The 2011 Fukushima disaster was the worst nuclear catastrophe since the 1986 Chernobyl disaster. A foremost reason for this is that residents of the Fukushima Prefecture had little forewarning. According to a recent Cabinet Office survey, the government’s declaration of a nuclear emergency, issued March 11, 2011, only reached 16.5 percent of the Fukushima Prefecture population.
A primary reason for the lack of notice was the fact that the tsunami, which was triggered by a massive magnitude-9 earthquake in northeastern Japan, destroyed communication networks in coastal areas. Consequently, the alert did not reach as many people as it otherwise would have. The government directive was issued nearly four hours after the earthquake struck Japan.
The results of the study – which included 19,535 evacuees from 22 municipalities in the Fukushima Prefecture – amplified the hurdles in promptly notifying citizens during an emergency situation, which is absolutely necessary to ensure that citizens evacuate quickly and efficiently.(1)
Central government issues emergency declaration
The survey was the largest government-sponsored study to analyze people who evacuated in wake of the Fukushima disaster, and was concluded between February and May 2014. The Cabinet Office claims that the study was necessitated by a law, and would enable researchers to use data to map out extensive evacuation plans for nuclear accidents. An estimated 59,378 people were sent questionnaires, but only 19,535 – or 32.9 percent – responded to them.
The central government sent out an emergency declaration from Tokyo at 7:03 p.m. on March 11, 2011, which was about four hours after the initial earthquake struck. A mere 16.5 percent of the participants claimed to have received the notification by the following day.(1)
At 9:23 p.m. on March 11, the government also issued a notice alerting residents living within a 3-kilometer radius of the crippled plant to evacuate the area. They also instructed residents living within a 10 kilometer radius of the Fukushima Daiichi power plant to stay indoors.(1)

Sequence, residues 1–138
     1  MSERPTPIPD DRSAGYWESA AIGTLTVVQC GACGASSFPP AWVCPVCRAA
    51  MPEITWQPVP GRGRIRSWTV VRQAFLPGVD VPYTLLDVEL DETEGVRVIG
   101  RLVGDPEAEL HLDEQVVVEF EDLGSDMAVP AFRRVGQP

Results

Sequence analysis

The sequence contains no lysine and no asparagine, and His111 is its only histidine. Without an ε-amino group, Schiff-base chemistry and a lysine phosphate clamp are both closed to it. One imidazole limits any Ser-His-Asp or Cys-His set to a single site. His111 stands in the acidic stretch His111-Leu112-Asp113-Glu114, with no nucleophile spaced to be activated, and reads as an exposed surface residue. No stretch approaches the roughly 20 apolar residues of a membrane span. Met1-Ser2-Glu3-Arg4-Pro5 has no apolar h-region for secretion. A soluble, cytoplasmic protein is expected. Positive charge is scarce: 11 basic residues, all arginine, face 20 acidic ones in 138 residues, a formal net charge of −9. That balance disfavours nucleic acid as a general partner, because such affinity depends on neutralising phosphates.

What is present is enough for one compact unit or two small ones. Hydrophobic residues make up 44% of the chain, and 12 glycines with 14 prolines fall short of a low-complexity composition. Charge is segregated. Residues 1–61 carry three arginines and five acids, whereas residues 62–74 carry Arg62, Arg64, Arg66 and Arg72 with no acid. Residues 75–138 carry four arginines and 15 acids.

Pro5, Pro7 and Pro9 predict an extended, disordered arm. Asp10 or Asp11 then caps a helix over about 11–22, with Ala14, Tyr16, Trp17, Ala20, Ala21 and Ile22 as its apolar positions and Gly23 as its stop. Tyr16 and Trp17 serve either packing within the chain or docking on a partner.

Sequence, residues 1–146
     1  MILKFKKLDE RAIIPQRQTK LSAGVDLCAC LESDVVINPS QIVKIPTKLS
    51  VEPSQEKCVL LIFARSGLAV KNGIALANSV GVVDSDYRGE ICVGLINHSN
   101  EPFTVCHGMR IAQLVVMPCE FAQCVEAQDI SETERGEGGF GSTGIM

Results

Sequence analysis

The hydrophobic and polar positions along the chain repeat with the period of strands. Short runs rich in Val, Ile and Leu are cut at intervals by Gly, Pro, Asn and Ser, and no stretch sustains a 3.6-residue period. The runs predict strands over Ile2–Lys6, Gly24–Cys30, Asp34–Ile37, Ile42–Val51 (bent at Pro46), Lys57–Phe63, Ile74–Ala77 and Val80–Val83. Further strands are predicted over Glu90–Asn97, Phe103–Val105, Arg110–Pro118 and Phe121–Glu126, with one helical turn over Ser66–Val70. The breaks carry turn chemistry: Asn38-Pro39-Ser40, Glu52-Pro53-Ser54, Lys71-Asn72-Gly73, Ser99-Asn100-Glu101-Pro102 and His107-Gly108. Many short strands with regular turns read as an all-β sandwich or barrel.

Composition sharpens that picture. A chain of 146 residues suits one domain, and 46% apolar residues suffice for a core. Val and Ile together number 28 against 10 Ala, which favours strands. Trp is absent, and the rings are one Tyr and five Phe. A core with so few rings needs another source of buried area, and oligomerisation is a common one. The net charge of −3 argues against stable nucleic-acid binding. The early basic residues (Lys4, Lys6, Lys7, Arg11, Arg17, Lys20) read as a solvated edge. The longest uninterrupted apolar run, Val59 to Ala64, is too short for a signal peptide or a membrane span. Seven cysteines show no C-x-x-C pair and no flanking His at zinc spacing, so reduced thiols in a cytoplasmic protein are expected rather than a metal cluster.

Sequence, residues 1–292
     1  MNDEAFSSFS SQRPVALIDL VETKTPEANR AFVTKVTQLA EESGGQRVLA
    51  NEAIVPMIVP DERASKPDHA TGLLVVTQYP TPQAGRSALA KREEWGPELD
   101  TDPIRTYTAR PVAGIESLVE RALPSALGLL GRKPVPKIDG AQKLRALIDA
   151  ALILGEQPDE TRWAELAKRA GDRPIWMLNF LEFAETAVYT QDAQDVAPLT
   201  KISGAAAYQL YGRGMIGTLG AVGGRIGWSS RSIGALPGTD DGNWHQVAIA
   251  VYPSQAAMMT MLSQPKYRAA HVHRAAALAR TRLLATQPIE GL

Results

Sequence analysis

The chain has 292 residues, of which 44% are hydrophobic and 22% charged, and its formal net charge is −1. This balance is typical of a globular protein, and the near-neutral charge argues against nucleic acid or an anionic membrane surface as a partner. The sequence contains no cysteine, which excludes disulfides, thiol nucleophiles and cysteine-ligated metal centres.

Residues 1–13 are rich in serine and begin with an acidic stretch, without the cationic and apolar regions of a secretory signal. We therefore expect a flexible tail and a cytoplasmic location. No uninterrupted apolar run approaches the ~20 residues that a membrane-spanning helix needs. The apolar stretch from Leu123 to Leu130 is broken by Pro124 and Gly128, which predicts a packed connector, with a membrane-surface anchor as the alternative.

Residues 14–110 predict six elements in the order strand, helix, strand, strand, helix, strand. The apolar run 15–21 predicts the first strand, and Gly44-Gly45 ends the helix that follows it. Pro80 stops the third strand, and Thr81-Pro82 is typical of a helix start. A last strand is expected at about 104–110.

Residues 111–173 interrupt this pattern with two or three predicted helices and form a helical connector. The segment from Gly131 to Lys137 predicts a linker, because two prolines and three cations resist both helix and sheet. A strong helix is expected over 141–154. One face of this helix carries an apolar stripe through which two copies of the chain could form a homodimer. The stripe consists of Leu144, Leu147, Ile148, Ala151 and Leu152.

Despite these notices, only 15.6 percent and 18.8 percent of the respondents, respectively, said that they were aware of receiving any instructions to leave the area the day after the disaster. Only 9.7 percent of residents living near the town of Namie, which is located within a 10-km radius of the nuclear facility, received an emergency declaration by March 12.(1)
Lights out for Fukushima residents
The medium of information dissemination in the coastal town – the communication infrastructure – was crippled by the earthquake and the tsunami, which triggered multiple power outages throughout the area.
The government issued extended evacuation notices over and over; residents in a 20- to 30-km radius of the power plant were repeatedly told to stay indoors March 15.(1)
The survey also discovered that 63.2 percent of the respondents said they had not received the March 15th instructions to evacuate the area until the end of April – more than a month after the initial catastrophe.(1)
By then, multiple explosions had erupted from the bowels of the nuclear facility, spewing a nefarious cloud of radiation into the air. Local governments of small communities were mapping out plans for all residents living within a 30-km radius of the power plant to stay sheltered until radiation levels had dropped to a safe level.(1)
According to another survey conducted by the Japanese government in 2014, almost half the households forced to evacuate were still living away from their homes, and 70 percent had relatives afflicted by physical and mental health problems caused by the disaster.(3)
The results of the study underscore the need for local governments to have better communications systems that ensure evacuation notices are received shortly after a crisis. More than four years after the Fukushima disaster, the Japanese government lifted an evacuation order for the small town of Naraha ten miles south of the decimated nuclear facility.(4)